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Cloud Hosting Series Part 2: VPS to Cloud?

I have to admit, I’m a bit baffled by some of the messages I’ve heard coming from our competitors and from customers recently about what Cloud Hosting means to our industry. I often get questions from customers and read advertising from other hosting companies that equate Cloud Hosting to being the obvious replacement for dedicated server or VPS hosting. We hear things like, “upgrade to our Cloud solution” and “host your website in our Cloud,” as if your website wasn’t working on its current platform, or with the advent of Cloud, your website would stop working all of a sudden.

Don’t get me wrong, Cloud Hosting has its place in the market, and it will become increasingly relevant with time. In fact, as a platform, Cloud will become a necessity over the next few years. But, right now – are you ready for it?

In the SMB realm, our industry continues to sell hosting as it has since pre-Cloud days. It’s all still server, VPS, or instance focused. Everything goes back to a software architecture and design philosophy that places the greatest emphasis on managing your operation on the server level, and automating as much of that operation as possible, hence the the proliferation of control panel software over the past 10 years. Control panels attempt to simplify web hosting management, a task that was previously highly technical and arcane, requiring deep knowledge, typically gained after years of experience.

If, as a customer, you think of Cloud Hosting through this server-centric lens, you won’t reach the promise of Cloud. You can have your server in the Cloud, but it won’t give you and your hosting company anything more than a way to more quickly and flexibly provision and bill for VPSs. If you’re looking at hosting the way most do who have been consuming hosting services in the era of mass-market server virtualization, Cloud Hosting offerings in the market today can seem marvelously underwhelming. It’s virtualization with provisioning automation, or — put another way — it’s hosting where provisioning control has been given to the consumer.

Okay, so then why does anyone care about Cloud? What has truly captured the attention of the industry is not what Cloud Hosting currently is for the SMB community, it is the promise of what it can and will be. Cloud will revolutionize hosting, but not in the way that some seem to assume right now. It is not going to make server management more simple, or optimize the software platforms of today. And it won’t simplify your life. Cloud will, however, make possible a paradigm shift in the way that applications are hosted on the Internet.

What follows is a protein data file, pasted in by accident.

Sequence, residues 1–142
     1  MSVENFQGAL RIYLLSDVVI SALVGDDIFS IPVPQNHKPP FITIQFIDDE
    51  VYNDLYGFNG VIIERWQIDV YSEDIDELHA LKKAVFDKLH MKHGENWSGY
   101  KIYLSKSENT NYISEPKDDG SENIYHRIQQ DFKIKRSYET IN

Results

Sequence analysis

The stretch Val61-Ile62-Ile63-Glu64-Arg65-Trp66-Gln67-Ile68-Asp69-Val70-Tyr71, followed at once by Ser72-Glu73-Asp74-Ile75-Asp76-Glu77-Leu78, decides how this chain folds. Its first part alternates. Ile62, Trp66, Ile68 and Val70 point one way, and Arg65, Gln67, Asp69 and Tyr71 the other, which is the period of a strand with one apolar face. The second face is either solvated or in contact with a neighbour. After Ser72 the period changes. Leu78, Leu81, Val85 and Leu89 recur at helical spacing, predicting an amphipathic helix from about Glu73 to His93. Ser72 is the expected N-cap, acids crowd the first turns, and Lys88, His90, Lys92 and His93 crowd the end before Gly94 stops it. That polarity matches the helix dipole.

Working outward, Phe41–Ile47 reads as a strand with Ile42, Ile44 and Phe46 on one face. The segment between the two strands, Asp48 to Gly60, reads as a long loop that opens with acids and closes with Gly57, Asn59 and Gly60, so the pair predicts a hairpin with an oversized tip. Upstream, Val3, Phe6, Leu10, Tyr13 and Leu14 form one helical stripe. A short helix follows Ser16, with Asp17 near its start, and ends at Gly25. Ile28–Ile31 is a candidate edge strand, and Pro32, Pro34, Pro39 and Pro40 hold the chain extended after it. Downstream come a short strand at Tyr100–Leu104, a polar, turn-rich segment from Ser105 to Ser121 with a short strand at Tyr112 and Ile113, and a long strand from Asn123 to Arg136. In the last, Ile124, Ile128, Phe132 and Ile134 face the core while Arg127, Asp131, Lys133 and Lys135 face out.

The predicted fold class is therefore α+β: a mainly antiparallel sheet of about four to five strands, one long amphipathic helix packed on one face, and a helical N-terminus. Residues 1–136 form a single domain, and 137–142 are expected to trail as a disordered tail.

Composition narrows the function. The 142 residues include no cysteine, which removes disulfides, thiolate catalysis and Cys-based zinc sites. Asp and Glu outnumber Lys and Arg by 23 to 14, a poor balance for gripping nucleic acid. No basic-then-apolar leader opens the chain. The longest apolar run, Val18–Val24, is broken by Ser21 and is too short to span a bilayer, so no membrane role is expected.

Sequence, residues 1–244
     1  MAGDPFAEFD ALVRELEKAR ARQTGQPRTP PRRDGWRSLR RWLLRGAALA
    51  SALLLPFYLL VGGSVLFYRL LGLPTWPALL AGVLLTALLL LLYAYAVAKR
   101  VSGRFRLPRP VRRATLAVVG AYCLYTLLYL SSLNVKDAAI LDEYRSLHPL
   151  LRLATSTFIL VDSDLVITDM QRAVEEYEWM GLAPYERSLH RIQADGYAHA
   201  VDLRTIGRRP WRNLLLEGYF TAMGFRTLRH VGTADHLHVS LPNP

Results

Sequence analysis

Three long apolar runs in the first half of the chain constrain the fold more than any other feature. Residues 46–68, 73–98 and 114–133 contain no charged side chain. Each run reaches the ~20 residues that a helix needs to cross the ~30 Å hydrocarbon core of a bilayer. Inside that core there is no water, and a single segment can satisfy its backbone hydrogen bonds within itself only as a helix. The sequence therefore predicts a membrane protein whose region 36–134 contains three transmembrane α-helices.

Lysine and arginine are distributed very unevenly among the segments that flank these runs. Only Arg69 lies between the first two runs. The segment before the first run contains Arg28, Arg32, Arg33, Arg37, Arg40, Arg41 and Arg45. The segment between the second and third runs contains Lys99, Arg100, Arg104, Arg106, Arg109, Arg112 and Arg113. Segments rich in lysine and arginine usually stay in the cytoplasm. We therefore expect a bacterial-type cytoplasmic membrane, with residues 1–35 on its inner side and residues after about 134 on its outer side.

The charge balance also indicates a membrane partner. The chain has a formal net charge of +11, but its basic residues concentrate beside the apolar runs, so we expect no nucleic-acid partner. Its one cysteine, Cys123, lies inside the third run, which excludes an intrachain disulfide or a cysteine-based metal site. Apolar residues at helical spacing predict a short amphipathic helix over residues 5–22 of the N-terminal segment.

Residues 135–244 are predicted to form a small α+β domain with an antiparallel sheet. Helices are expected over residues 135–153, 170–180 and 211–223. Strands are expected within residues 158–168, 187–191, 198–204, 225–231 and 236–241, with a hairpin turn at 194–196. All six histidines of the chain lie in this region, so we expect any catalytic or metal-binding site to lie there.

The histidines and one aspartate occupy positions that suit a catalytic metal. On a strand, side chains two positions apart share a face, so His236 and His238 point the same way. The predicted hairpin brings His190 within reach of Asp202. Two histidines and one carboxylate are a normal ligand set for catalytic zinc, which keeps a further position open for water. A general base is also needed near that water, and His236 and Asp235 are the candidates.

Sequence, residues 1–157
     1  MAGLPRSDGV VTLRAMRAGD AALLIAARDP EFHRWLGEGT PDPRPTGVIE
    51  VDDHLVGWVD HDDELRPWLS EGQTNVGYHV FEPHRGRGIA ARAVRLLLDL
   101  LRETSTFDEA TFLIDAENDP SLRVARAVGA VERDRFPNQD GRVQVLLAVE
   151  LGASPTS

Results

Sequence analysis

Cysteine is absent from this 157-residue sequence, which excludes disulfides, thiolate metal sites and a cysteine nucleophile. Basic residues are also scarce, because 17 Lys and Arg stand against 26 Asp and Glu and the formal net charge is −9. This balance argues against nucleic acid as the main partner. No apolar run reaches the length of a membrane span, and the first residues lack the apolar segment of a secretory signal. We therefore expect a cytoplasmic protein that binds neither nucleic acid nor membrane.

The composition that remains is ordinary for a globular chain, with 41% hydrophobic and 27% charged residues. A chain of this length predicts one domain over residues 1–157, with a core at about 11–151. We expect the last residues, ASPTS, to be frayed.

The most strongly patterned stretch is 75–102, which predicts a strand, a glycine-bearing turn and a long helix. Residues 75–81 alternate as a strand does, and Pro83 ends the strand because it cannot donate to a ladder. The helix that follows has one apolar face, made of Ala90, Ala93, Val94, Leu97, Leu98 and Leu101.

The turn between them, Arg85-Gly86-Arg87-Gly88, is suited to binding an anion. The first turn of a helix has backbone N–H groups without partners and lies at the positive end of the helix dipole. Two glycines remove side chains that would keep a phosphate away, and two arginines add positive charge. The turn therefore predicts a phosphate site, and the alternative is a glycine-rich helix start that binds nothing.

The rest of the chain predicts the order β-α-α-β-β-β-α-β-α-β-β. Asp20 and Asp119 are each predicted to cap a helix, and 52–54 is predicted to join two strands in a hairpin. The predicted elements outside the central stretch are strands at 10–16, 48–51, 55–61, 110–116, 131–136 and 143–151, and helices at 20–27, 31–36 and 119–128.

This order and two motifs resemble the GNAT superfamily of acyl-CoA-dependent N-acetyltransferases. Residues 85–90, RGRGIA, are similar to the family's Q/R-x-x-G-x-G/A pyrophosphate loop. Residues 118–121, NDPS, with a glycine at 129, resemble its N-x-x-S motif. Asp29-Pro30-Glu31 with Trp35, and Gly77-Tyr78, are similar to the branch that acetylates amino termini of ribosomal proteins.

What makes Cloud revolutionary is the mental shift that it allows in developing web-based applications. The ability for the hosting consumer and/or software developer to control resource provisioning allows development that goes in a completely new direction. Cloud Hosting creates a world in which server instances are transient and disposable. The instance is no longer important — the communication and cooperation between instances is. The developer writes provisioning logic into his application because, by breaking the functional requirements out into logically separable parts, he can build a system that can auto-scale to meet individual application requirements.

The problem is that many seem to assume that they’re going to bring their old applications, control panels, and knowledge to the Cloud, and that it’s all going to work even better. That’s not really the case. You will
be able to bring these things to the Cloud, but they will not take advantage of the true benefits of the Cloud. One solution to this problem is time – time for developers to begin writing applications to Cloud APIs and using technologies that allow for simple inter-server cooperation and synchronized data sharing and manipulation. This will naturally occur over the next few years, and it will come as a result of the creation of new development frameworks that make splitting hosting tasks into logical chunks a simple process.

Ultimately, Cloud Hosting is cool, and it is revolutionary. But right now, if you want to rush to the Cloud, ask yourself what problems you are trying to solve and who are you relying upon to solve them. For your own sake, make sure you know how your Cloud vendor will improve your operation. Otherwise, you might just end up getting sold a good old dedicated server “in the Cloud” — which you might even pay more for.

About Matthew Loschert

Matthew Loschert is the Chief Technology Officer of ServInt.

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